Australia's attorney-general The Hon Senator George Brandis has announcedAU$128m in grants to telcos to fund their data retention efforts. The announcement says “One hundred and eighty service providers will receive support through the programme.” “Most providers will receive a grant of 80% of their implementation costs,” …
Simon Sharwood, 05 Sep 2016
Australian $20 burning

Australia's mobile black spot program was a partisan money hole

One in five new mobile phone towers built with Australian government money did more for telcos than for coverage-craving folk living in regional areas. That's the conclusion of the Australian National Audit Office (ANAO), which has assessed the government's Mobile Black Spot Program. Funded to the tune of AU$385 million ( …
Nerd fail photo via Shutterstock

Census fail to get Oz Senate probe; NDIS fix promised this year

Australia's Senate has voted to establish a committee to look into the Australian Bureau of Statistics' August Census IT collapse. The news comes as the government promises to fix another slow-motion train wreck by the end of 2016 – the online portal for the country's National Disability Insurance Scheme (NDIS). The Senate …

Australian geoboffin discovers 3.7 billion year old fossils after ice melts

The world’s oldest fossils have been discovered in Greenland after a layer of snow on ancient rocks melted, revealing stromatolites embedded in the Isua supracrustal belt. The stromatolites are estimated to be around 3,700 million years old, pre-dating the previous record by 220 million years. A research paper published today …
Katyanna Quach, 31 Aug 2016
Deer Hunter

Vietnam hotel DB leaks cards

Visitors to the Silverland Hotel in Ho Chi Minh City, Vietnam, might want to check their credit card statements for unauthorized withdrawals after a major security leak was uncovered. Researchers found an unsecured database on the internet containing thousands of credit card numbers that the hotel had been storing online. The …
Iain Thomson, 30 Aug 2016
tanami_desert_near_willowra_648

Fifty bills for new Oz parliament, nothing much for tech

The tech sector's going to have to take care of itself in 2016, at least as far at the Turnbull government's legislative agenda is concerned. As federal parliament resumes in Canberra, the government is choosing between different hills to die on – its union-regulating Building and Construction Commission bill, a corrosive …

Victoria Gov tips $6.5M into uni security seeder, city-country farm tech

The government of the southern Australian state of Victoria has tipped A$450,000 (£260,083, US$340,872) to spin up an information security incubator in Deakin University. The university and Dimension Data want the incubator to accelerate the development of technology and industry skills. It will be coupled with a security …
Darren Pauli, 30 Aug 2016

NZ-funded Hawaiki cable signs DRFortress for landing station

Australia and New Zealand got a small step closer to a third Pacific crossing, with submarine cable upstart Hawaiki signing DRFortress in Hawaii to operate its landing station. The on-again, off-again, on-again cable signed TE SubCom as its construction partner in 2013, but the project went into cold storage while the builders …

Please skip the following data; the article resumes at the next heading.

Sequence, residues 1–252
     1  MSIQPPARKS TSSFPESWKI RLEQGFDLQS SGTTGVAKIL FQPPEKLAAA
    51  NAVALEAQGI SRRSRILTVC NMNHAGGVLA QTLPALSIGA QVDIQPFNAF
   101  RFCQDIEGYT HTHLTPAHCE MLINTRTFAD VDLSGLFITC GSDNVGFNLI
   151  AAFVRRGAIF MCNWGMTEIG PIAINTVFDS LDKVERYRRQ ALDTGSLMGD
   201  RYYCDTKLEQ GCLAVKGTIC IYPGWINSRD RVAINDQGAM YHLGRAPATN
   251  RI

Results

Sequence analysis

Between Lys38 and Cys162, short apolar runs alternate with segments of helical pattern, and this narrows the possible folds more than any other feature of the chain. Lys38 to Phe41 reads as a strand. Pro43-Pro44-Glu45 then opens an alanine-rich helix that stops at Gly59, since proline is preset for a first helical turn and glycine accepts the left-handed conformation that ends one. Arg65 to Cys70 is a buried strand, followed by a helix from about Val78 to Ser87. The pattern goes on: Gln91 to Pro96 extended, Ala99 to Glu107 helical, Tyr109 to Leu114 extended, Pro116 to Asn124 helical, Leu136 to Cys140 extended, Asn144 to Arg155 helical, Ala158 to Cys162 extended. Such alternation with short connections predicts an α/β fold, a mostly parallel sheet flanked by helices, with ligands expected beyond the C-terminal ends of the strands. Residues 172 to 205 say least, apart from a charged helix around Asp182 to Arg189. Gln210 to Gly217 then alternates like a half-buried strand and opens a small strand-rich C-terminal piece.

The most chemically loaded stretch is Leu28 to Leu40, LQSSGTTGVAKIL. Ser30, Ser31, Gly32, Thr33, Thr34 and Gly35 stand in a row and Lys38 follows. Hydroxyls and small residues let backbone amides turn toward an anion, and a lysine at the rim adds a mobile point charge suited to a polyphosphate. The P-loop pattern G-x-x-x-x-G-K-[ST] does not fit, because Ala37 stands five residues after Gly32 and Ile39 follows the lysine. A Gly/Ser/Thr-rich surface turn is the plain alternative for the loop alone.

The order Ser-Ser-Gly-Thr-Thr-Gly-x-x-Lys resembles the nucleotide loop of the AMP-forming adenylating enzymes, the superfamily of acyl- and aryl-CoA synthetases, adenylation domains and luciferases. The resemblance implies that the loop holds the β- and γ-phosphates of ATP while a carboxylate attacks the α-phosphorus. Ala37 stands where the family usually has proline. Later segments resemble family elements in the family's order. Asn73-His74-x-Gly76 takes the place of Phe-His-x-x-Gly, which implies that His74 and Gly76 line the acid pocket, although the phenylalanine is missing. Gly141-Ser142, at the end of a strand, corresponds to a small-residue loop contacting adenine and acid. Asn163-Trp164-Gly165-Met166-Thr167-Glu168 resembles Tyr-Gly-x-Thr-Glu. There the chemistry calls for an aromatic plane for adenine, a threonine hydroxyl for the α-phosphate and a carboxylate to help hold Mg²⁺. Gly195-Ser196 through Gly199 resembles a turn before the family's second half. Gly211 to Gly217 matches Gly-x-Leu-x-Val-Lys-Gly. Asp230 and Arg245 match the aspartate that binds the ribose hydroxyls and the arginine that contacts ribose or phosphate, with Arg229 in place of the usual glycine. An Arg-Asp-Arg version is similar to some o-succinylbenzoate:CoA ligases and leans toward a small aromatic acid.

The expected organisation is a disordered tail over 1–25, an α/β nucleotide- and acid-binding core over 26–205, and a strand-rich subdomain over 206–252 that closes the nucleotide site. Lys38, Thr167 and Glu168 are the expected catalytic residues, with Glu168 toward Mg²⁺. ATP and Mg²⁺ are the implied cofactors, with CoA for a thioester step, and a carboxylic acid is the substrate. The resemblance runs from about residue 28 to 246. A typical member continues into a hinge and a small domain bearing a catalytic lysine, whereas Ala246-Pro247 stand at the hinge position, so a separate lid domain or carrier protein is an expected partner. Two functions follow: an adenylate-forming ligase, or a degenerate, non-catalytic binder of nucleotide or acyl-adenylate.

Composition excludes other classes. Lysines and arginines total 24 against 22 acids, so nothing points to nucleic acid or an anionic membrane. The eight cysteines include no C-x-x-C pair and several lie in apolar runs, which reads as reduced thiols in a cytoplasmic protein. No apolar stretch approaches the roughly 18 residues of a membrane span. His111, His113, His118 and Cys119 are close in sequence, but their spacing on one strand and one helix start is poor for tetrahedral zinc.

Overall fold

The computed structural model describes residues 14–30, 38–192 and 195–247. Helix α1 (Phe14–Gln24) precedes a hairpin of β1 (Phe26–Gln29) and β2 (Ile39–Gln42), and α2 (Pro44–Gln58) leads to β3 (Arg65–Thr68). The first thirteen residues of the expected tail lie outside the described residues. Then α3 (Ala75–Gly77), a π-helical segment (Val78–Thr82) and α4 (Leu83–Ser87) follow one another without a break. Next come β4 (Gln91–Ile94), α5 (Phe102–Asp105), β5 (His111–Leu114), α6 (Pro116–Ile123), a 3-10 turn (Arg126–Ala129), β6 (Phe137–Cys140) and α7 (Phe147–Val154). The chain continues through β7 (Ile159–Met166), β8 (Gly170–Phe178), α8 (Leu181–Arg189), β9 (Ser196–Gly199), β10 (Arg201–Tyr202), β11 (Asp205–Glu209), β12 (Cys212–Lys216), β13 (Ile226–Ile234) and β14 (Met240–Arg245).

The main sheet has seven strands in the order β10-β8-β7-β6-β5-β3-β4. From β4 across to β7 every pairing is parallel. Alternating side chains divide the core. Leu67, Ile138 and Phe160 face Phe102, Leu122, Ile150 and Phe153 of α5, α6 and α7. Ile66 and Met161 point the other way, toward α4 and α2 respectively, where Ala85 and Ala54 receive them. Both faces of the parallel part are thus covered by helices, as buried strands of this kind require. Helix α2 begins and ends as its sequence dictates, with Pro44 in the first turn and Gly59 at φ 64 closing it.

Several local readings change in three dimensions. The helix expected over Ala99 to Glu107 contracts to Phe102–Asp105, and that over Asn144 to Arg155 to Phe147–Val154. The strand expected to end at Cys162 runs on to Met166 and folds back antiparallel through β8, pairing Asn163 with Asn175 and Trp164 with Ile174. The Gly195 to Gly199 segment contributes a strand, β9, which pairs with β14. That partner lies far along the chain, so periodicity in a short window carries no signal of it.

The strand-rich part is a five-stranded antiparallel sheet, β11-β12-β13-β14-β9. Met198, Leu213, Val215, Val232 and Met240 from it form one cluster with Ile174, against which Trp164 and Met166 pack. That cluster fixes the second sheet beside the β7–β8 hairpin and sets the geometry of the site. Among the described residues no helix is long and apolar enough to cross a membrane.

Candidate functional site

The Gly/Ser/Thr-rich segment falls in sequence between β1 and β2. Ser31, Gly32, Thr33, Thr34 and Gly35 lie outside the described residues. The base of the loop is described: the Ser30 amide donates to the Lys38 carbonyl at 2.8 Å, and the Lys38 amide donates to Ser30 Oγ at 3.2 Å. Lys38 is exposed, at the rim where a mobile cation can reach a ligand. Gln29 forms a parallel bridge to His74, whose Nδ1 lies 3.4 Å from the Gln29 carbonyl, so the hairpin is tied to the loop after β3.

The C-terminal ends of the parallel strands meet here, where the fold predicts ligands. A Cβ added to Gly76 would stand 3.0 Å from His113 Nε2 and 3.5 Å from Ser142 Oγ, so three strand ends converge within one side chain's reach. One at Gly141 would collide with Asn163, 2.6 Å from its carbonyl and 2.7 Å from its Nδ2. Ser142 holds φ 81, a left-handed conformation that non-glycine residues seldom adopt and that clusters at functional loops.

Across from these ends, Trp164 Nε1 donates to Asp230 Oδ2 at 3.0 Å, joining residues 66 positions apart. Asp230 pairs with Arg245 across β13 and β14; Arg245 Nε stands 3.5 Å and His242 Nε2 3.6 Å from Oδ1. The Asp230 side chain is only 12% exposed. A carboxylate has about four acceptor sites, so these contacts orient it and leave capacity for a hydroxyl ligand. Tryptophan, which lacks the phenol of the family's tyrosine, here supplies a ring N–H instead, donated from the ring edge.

The Mosque at the Taj Mahal, shot from within the Taj Mahal through the marble screens

India tests Mach 6 scramjet

The Indian Space Research Organisation (ISRO) has successfully tested a Mach 6 scramjet. Scramjets ignite a stream of gas moving at supersonic speed. The result is serious energy and the ability to hit astounding speeds it's hoped might one day make air travel less tedious, or provide a method of lifting spacecraft high into …
Simon Sharwood, 29 Aug 2016
Eye of Sauron with Mount Doom in the background. Still from the film version of JRR Tolkien's Lord of the Rings. Copyright New Line Cinema

Phoney bling ring pinged by Tolkien's kin

A Melbourne man has to hand over his entire stock of “The One Ring” knock-offs to the Tolkien Estate, after losing a copyright case. The Federal Court in Melbourne earlier this month awarded a summary judgement against one Alexander Saltalamacchia over a line of rings he sold on his own Website and on eBay Australia. …

Robot babies fail in role as teenage sex deterrents

Robot babies have been found to be an ineffective educational tool for those hoping to prevent teenaged pregnancies. “Infant simulators”, to give the robo-babies their proper name, are anatomically correct dolls that require burping, feeding, rocking to sleep and produce Code Brown and Code Yellow alerts in their pants. The …
Simon Sharwood, 26 Aug 2016

Pizza delivery by drone 'trialled' in New Zealand

Multinational pizza megacorp Domino's claims it is trialling pizza delivery drones in New Zealand. In partnership with quadcopter delivery business Flirtey, Domino's demonstrated the service in Auckland today, in complete compliance with New Zealand's civil aviation regulation. The publicity stunt managed to attract the …
Excel on smart phone, photo via RoSonic on Shutterstock

Excel hell messes up ~20 per cent of genetic science papers

Scientific literature often mis-names genes and boffins say Microsoft Excel is partly to blame. “Automatic conversion of gene symbols to dates and floating-point numbers is a problematic feature of Excel software,” wrote Mark Ziemann, Yotam Eren and Assam El-OstaEmai, of the Baker IDI Heart & Diabetes Institute in Australia, …
Simon Sharwood, 25 Aug 2016